- If you are in a car and come in contact with a downed power line, stay in the car and call for help. If you need to get out of the car, jump away from the car and do not touch both the car and the ground at the same time. Immediately call for help, and do not provide physical assistance to anyone who may still be in the car.
- By keeping these safety tips in mind, you can prevent electrical accidents from happening and be prepared to respond if an accident occurs.
The Public Utilities Commission of Ohio (PUCO) is the sole agency charged with regulating public utility service. The role of the PUCO is to assure all residential, business and industrial consumers have access to adequate, safe and reliable utility services at fair prices while facilitating an environment that provides competitive choices. Consumers with utility-related questions or concerns can call the PUCO Call Center at (800) 686-PUCO (7826) and speak with a representative.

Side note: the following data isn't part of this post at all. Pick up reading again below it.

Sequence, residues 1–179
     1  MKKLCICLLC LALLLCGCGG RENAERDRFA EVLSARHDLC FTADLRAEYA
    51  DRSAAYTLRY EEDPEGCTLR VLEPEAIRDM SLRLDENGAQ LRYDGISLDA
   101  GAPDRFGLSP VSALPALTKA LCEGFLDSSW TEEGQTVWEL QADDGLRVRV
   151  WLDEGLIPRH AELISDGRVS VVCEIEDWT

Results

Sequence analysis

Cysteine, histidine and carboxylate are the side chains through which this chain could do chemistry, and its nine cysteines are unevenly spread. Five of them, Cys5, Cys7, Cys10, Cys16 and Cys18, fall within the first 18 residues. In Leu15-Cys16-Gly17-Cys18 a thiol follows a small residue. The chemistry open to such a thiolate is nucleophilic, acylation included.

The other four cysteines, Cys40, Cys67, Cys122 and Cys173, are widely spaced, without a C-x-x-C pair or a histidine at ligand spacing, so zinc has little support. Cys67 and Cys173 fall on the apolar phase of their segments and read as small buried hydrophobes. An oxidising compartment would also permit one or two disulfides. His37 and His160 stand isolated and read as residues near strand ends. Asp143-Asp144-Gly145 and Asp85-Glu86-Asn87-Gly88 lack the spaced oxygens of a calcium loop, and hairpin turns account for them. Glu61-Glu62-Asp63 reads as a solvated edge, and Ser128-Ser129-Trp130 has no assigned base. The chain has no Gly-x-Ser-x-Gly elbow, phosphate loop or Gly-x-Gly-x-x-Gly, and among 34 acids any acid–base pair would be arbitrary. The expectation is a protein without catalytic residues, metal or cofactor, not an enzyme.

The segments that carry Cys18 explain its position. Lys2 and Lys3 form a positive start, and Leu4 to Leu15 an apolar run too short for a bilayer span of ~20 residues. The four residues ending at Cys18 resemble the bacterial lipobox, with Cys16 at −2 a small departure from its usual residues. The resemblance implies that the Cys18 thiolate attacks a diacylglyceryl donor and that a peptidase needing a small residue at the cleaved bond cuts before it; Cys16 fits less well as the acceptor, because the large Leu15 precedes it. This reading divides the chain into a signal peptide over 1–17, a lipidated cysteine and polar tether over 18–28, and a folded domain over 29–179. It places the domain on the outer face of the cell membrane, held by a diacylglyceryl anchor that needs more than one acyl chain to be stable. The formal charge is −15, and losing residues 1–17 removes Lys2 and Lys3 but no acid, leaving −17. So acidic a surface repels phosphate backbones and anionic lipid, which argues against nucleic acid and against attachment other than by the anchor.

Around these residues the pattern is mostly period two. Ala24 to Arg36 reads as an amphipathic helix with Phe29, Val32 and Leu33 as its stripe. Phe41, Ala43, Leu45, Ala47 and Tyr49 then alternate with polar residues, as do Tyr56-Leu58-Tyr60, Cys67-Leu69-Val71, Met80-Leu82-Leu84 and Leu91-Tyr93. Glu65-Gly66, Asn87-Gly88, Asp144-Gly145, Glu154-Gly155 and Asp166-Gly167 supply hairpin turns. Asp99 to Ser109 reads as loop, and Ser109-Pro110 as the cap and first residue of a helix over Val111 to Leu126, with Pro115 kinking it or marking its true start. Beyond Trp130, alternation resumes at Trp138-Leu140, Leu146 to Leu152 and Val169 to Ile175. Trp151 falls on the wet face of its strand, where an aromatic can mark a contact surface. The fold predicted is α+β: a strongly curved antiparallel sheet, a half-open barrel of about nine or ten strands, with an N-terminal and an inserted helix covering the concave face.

Beware Of Common Moving Scams Before Packing Your Boxes
Columbus (May 3, 2018) — May is National Moving Month, when many leases are up and residents throughout Central Ohio prepare to move into a new house or apartment. Over the past year, consumers across North America have searched for movers over 1.4 million times with BBB.
Be sure to do careful research when hiring a moving company to avoid turning relocating into an expensive nightmare. Moving scams can include missing items, massive price hikes, and in some cases, goods being held hostage for additional payment.
How the Scam Works: